Lower Main Saugeen River Subwatershed

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Lower Main Saugeen River Subwatershed
Lower Main Saugeen Watershed
CONSERVATION
REPORT CARD
A report on the general condition of the Lower Main Saugeen Watershed
2007-2011
The Main Saugeen River downstream of
Walkerton drains 908 square kilometres.
This section of the river is 76 kilometres in
length with an average gradient of 0.88
metres per kilometre. The main tributaries
of the Lower Saugeen River include Mill
Creek, Burgoyne Creek, Snake Creek,
Vesta Creek, Pearl Creek, Deer Creek, Otter
Creek, Willow Creek, and Silver Creek as
well as numerous smaller unnamed
streams.
The watershed is predominantly
agricultural but also includes the
communities of Southampton, Mildmay,
Paisley and Walkerton.
The landscape is glacial in origin with the
lower end of the watershed sand plain, clay
plain and till plain.
RADES
G
E
G
A
R
AVE
ns
onditio
Forest C
s
ndition
o
C
d
n
Wetla
lity
ter Qua
a
W
e
c
a
Surf
ality
ater Qu
w
d
n
u
Gro
D
B
C
A
2013
Watershed Perspective
Surface Water Quality
The Lower Main Saugeen River scores an average grade of 'C' for
surface water quality, the same as the last report card. The average
total phosphorus concentration is now below the provincial water
quality objective of 0.03 mg/L and has improved from a 'C' to a 'B'
grade. E. coli continues to fall below the recreational guidelines of
100 CFU/100mL maintaining a 'B' grade.
The grade for benthic invertebrates, however, dropped from a 'C' to
a 'D'. Changes in the benthic invertebrate community are seen as
early indicators of deterioration in water quality that might not be
seen in the chemistry results. Increased efforts should be made to
encourage landowners and the agricultural community to preserve
and enhance natural land cover. Current stressors such as climate
change and invasive species could pose significant threats in this
watershed, therefore, efforts should be made to address these
stressors to maintain or improve the current scores.
Groundwater Quality
Forest Conditions
Forest conditions of the Lower Main Saugeen River Watershed
have not improved since the last report card, with the average grade
dropping from a 'C' to a 'D'. Forest cover falls short of meeting the
Environment Canada guidelines of 30% scoring an average grade of
'C'. Forest cover and forest interior grades did not change with a 'C'
and a 'D', respectively. Forested riparian cover had only a 'D' grade.
The recommendation is that 50% of the 30 metre wide riparian
zone have forest cover. The Lower Main Saugeen River Watershed
has only 24.4% of the riparian zone forested. Tree planting along
riparian zones and on marginal farmland should be considered to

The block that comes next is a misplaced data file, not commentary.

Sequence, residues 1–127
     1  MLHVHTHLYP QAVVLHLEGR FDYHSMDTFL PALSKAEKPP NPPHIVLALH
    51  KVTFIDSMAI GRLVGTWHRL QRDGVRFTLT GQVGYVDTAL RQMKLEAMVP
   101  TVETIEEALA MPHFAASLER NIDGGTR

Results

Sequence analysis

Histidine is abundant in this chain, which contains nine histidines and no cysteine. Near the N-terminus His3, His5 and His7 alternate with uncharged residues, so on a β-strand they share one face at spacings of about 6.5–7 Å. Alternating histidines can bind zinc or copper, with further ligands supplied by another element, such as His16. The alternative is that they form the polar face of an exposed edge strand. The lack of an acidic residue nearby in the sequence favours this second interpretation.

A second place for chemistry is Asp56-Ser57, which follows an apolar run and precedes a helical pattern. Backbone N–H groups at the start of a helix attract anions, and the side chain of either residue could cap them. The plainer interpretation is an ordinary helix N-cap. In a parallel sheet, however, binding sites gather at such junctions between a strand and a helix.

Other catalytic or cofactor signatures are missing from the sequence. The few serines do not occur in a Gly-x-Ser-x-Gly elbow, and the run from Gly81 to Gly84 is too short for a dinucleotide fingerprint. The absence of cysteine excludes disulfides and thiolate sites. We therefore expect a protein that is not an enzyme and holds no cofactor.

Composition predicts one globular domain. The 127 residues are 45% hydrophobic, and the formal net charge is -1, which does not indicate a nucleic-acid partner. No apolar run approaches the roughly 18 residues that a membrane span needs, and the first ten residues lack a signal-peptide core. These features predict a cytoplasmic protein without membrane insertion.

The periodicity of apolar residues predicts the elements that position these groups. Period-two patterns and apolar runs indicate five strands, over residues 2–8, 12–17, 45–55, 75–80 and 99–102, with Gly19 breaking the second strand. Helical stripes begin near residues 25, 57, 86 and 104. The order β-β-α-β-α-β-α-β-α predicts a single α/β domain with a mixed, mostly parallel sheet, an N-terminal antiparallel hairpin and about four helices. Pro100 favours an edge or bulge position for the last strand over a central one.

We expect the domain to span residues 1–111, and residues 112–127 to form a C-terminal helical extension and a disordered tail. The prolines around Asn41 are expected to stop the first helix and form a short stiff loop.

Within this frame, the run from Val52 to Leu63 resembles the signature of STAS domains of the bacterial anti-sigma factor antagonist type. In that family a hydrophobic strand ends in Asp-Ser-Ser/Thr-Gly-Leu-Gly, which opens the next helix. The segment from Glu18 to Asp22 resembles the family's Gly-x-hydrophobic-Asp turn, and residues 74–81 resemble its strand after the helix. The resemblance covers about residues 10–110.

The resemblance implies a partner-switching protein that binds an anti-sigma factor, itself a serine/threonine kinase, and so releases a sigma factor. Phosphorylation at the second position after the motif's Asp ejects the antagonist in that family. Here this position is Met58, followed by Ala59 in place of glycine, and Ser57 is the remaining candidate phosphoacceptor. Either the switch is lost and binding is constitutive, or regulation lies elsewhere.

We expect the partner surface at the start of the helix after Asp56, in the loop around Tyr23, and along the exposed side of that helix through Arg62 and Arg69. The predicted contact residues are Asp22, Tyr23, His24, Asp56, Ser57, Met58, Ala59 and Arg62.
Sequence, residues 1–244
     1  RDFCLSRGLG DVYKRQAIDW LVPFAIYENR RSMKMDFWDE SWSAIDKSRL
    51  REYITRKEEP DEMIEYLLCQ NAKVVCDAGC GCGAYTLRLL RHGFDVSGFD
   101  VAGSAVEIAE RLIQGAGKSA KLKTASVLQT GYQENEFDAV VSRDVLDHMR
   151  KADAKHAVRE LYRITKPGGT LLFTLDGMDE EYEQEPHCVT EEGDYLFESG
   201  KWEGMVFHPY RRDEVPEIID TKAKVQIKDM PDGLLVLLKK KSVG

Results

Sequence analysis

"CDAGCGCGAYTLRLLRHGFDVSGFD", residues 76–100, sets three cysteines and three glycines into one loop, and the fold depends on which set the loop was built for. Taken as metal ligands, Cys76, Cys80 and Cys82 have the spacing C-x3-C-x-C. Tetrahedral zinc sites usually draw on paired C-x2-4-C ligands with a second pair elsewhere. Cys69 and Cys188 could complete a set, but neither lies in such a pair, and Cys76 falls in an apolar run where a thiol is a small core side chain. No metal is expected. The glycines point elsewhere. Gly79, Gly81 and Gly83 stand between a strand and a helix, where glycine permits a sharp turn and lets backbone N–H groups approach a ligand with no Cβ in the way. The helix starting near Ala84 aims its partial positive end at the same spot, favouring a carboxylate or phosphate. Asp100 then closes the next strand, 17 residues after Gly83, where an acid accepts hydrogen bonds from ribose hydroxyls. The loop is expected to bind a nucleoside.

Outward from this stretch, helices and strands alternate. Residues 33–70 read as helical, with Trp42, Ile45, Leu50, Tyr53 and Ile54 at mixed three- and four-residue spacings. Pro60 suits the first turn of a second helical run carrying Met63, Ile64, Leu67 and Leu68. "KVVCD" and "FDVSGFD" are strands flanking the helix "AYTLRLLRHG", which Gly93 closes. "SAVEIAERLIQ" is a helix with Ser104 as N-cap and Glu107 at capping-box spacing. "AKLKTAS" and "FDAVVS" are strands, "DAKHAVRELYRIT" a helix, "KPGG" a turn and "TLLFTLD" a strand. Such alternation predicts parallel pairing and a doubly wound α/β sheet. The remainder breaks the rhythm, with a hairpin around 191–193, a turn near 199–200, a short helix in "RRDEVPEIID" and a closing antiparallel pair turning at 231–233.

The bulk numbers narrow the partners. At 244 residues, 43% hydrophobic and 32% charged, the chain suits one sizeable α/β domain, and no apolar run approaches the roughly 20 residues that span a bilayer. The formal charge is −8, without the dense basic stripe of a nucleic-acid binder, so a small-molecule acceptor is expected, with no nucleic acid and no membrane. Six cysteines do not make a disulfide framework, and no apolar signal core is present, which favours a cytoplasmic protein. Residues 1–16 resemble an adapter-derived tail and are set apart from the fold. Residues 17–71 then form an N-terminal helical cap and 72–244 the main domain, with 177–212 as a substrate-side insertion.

ensure the forest conditions are improved. From 2007-2011 there
were 94,740 trees planted in this watershed through the Grey
Bruce Forestry Service.
The groundwater quality in the two wells in this area continues to
score an 'A' grade. The wells monitor two bedrock aquifers. It
should be noted that groundwater aquifers do not conform to
watershed boundaries but rather flow in an east to west direction
through the watershed. Different types of aquifers exist throughout
the region and the quality of individual wells on private property
may vary from that of the provincial monitoring wells in this report.
There have been exceedences of the Ontario Drinking Water
Standards for sodium and fluoride during this study period.
Wetland Conditions
This report card summarizes the conditions of both 'evaluated' and
'unevaluated' wetlands. Since the last set of report cards
summarized only the 'evaluated' wetlands the present results
cannot be compared to the previous report card. When
considering the presence of all wetlands, the Lower Main Saugeen
River Watershed scores an 'B' grade with 9.1% wetland cover. This
is just below the Environment Canada recommendation of 10% as
the minimum required for a healthy watershed. It would be
advisable to allow low lying or wet areas to naturalize, thereby
improving wetland scores. It is also important to restore previously
drained wetlands where possible and existing wetlands should be
protected.
GRADE DESCRIPTION
A = Excellent ecosystem conditions. Some protection and
enhancement may be required.
B = Good ecosystem conditions. Some areas may require
enhancement and/or improvements.
C = Ecosystem conditions that warrant general improvements.
D = Poor ecosystem conditions. Overall improvements necessary.